Snobbery in attacking undergraduate teacher training

6th March 2009 at 00:00

I completed my B.Ed at Westminster College, Oxford in 1999 and am now a deputy head. Unlike Estelle Morris's B.Ed, where "there wasn't the opportunity to do any pedagogical work", I recall being given a good grounding in educational theory, which I still apply and discuss with fellow practitioners today.

In 2006, I graduated with an MA in education, which for the large part built upon my undergraduate studies and further extended my theoretical knowledge.

The statement that "the average A-level grades needed to get a place are just CDD" and the comments regarding the entry qualification rile me. I entered my training course with merely three Es, but seven years later gained A and B grades for my MA modules and have been observed by Ofsted to be an "excellent" teacher.

Does that man I shouldn't have been allowed to enter the profession?

The B.Ed gives teachers a broad and balanced foundation for the profession. It should certainly not be scrapped, rather reviewed and brought up to date for teaching and learning in the 21st century.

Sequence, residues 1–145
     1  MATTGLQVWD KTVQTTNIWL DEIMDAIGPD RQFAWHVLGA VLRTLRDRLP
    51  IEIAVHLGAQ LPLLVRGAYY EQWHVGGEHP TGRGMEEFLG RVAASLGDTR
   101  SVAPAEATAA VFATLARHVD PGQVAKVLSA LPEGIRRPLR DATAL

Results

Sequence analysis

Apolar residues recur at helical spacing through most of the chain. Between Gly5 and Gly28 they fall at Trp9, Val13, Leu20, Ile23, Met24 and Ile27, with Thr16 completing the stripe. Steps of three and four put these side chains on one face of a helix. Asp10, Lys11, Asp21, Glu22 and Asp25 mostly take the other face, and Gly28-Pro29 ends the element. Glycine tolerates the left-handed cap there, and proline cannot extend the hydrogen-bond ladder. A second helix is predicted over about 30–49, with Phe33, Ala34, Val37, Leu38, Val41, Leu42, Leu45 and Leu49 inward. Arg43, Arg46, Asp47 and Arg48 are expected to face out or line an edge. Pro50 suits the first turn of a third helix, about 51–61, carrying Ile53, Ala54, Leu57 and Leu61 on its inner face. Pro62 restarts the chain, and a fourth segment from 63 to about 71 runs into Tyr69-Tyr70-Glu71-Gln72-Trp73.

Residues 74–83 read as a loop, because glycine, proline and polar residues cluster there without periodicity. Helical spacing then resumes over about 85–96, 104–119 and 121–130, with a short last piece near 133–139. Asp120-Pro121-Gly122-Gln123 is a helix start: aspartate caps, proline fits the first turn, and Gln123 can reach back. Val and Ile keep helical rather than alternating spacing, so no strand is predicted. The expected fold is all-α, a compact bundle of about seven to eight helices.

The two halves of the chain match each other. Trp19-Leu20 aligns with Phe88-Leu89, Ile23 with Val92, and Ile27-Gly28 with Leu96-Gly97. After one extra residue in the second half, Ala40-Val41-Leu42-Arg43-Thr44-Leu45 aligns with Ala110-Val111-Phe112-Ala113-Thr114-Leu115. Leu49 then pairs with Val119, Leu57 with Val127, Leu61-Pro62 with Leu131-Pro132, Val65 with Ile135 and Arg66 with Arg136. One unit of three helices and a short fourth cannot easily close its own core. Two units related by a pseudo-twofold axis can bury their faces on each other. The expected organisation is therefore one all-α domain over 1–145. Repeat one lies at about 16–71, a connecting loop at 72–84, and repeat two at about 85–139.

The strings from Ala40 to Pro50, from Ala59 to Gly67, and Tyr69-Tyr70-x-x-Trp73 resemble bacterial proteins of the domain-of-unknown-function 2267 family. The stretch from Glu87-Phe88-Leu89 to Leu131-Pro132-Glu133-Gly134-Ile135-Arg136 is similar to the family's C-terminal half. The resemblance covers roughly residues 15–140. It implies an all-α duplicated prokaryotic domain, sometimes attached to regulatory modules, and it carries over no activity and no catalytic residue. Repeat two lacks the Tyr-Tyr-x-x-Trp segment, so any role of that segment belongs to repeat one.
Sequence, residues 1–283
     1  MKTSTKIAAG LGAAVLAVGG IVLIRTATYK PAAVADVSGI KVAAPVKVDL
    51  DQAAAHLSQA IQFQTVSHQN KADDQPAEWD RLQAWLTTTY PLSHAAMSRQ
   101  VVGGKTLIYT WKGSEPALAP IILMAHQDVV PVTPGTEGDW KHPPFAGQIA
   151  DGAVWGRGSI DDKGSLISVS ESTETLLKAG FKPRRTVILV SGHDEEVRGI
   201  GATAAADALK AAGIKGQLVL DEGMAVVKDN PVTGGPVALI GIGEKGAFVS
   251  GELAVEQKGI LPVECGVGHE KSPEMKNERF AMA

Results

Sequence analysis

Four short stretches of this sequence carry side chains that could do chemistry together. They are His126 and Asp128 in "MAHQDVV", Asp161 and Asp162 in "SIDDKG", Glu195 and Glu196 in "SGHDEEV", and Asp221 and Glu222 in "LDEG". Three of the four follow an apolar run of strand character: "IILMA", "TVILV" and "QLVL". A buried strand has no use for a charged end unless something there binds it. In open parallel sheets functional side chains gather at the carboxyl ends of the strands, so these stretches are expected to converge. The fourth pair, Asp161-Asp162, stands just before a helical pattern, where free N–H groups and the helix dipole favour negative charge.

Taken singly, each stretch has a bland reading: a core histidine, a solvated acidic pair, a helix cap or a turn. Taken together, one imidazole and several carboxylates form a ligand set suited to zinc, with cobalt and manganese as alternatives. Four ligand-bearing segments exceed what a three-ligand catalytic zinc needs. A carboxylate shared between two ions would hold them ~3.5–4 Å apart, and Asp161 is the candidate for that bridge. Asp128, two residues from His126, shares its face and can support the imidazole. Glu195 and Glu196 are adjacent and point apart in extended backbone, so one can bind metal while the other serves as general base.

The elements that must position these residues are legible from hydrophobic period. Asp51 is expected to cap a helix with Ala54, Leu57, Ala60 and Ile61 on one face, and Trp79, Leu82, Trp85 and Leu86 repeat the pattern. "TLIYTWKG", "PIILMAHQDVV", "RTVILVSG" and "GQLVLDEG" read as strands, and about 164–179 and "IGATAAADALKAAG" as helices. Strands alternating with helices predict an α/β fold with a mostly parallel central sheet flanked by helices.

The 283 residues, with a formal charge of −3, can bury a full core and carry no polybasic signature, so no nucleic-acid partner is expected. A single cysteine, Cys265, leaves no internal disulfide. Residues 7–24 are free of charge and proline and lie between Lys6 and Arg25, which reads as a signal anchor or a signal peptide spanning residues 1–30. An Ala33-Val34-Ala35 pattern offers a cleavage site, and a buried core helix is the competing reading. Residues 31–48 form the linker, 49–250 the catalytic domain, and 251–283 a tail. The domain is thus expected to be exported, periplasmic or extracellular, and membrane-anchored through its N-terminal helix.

Emma Watson, Deputy head, Oxford.

Subscribe to get access to the content on this page.

If you are already a Tes/ Tes Scotland subscriber please log in with your username or email address to get full access to our back issues, CPD library and membership plus page.

Not a subscriber? Find out more about our subscription offers.
Subscribe now
Existing subscriber?
Enter subscription number


The guide by your side – ensuring you are always up to date with the latest in education.

Get Tes magazine online and delivered to your door. Stay up to date with the latest research, teacher innovation and insight, plus classroom tips and techniques with a Tes magazine subscription.
With a Tes magazine subscription you get exclusive access to our CPD library. Including our New Teachers’ special for NQTS, Ed Tech, How to Get a Job, Trip Planner, Ed Biz Special and all Tes back issues.

Subscribe now